Globally, it's estimated there will be 18.1 million new cases of cancer in 2018, with 9.6m deaths.
Europe accounts for 23.4% of the global cancer cases and 20.3% of the cancer deaths, although it has only 9.0% of the global population.
They say because of this countries need to consider tailoring how they try to prevent and treat cancer.
By the end of the century, cancer will be the No. 1 killer globally and the single biggest barrier to increasing our life expectancy, according to the report, released Wednesday by the World's Health Organization's International Agency for Research on Cancer.
The IARC estimated that there had been 8.2 million cancer-related deaths in 2012 and 14.1 million new cases.
Overall, the report estimates, almost half of all cases and most cancer deaths in the world this year will occur in Asia, partly because of the large numbers of people living in the continent and partly because some cancers with higher death rates are more common in this region.
The Americas, however, have their own serious problems with the disease, with 21% of cancer incidences and 14.4% of cancer deaths, despite having only 13.3% of the world's population. The IARC in the GLOBACAN report revealed that cancer burden was expected to rise to 18.1 million new cases worldwide. The researchers have opined that although there has been an improvement in the way the cancer-related data are collected, it is evident that deaths owing to the condition have risen over the years. According to the report, the proportions of cancer deaths in Asia and Africa were higher than the proportions of incident cases. For women, breast cancer is the most frequently diagnosed.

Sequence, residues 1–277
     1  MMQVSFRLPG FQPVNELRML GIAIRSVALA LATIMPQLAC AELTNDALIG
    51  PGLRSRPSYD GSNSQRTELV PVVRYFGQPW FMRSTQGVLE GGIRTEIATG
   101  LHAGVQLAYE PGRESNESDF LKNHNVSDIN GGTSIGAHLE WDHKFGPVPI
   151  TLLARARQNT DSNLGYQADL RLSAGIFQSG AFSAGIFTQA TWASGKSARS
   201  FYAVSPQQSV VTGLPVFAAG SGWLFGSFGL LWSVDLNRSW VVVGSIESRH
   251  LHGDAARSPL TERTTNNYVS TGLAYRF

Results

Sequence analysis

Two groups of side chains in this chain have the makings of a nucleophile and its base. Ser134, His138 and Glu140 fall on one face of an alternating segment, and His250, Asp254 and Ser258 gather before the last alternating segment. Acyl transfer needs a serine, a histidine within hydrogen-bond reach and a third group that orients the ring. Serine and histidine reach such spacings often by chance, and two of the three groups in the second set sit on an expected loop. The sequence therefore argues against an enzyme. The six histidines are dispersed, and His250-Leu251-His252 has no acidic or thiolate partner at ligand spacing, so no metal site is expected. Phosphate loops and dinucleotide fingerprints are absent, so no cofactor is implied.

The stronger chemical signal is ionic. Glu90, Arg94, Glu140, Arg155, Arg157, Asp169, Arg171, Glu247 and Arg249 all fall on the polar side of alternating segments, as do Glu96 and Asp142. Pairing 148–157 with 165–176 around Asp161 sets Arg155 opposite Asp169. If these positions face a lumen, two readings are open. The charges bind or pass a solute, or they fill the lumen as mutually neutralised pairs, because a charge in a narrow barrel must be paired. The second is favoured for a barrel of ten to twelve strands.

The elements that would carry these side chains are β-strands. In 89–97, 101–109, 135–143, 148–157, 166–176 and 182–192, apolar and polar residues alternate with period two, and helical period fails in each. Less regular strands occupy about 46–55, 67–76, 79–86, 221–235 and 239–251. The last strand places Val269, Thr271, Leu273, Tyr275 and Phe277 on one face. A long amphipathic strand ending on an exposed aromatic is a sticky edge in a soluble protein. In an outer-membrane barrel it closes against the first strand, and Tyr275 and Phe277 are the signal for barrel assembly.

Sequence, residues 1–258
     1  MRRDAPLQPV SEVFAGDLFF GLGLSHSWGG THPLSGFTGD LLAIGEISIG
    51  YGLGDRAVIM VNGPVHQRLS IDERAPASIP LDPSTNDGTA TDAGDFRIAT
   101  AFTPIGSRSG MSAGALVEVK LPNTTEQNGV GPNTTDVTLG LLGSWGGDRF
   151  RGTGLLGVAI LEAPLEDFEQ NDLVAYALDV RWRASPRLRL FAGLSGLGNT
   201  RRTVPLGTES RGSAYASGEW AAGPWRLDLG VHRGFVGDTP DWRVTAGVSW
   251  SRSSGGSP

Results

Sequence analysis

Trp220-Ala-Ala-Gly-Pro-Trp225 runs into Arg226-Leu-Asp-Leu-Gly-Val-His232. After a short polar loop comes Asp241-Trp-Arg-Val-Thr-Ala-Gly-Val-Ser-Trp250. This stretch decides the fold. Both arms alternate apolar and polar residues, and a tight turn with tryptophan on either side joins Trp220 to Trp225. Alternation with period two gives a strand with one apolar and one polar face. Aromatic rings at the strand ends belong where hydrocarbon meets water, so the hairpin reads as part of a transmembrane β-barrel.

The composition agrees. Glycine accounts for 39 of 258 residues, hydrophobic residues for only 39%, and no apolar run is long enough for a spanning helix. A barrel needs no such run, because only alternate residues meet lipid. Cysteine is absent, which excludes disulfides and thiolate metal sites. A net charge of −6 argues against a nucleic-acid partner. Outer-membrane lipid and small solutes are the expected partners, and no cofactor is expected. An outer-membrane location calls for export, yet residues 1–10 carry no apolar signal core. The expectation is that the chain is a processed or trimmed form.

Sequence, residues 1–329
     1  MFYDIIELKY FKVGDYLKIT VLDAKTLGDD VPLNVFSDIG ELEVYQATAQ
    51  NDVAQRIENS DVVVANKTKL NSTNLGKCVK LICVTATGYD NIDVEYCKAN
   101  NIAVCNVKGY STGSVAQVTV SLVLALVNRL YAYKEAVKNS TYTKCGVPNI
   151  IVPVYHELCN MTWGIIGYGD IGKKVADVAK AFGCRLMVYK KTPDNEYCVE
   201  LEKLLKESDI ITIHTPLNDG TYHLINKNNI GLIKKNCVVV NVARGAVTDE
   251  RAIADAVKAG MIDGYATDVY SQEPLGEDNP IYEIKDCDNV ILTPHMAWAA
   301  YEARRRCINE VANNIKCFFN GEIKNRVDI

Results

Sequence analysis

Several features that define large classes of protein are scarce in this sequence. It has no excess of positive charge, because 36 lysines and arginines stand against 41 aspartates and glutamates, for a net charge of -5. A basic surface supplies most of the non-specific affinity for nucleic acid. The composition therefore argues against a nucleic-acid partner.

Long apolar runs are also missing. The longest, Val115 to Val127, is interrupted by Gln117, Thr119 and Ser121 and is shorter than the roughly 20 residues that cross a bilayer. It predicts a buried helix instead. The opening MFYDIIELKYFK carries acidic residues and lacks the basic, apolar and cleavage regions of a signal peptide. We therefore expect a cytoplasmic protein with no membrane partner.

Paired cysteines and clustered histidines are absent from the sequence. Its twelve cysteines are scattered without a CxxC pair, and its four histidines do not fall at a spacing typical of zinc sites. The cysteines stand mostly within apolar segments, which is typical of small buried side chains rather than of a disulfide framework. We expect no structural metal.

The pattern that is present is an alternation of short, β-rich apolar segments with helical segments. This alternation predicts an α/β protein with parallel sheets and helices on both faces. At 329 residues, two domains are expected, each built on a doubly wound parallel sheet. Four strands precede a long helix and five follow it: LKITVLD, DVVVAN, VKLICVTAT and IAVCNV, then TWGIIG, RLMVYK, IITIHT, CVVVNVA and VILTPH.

They are also among five most unsafe forms of cancer, representing one third of all cancer incidence and mortality worldwide, according to IARC's GLOBOCAN 2018 database, which provides estimates of incidence and mortality in 185 countries for 36 types of cancer. However, the differences in mortality rates between these two categories of countries are smaller, on the one hand because lower-HDI countries have a higher frequency of certain cancer types associated with poorer survival, and on the other hand because access to timely diagnosis and effective treatment is less common. The population is also aging, and cancer risks grow as you age. One in eight men and one in 11 women will die from the illness.
Lung, breast and colorectal cancers are the ones people get the most.
In developed countries, prevention efforts are helping drive down the rates of various cancers, including those of the lung and cervix, while developing countries are increasingly affected by cancers typically linked to social and economic development, like colon cancer. The highest incidence rates in women are seen in North America, Northern and Western Europe (notably in Denmark and The Netherlands), China, and Australia and New Zealand, with Hungary topping the list.
IARC is part of the United Nations and World Health Organisation (WHO).
IARC said that several factors were contributing to the rising number of cancer cases and deaths.
He called for efficient prevention and early detection policies to be implemented urgently "to control this devastating disease across the world".
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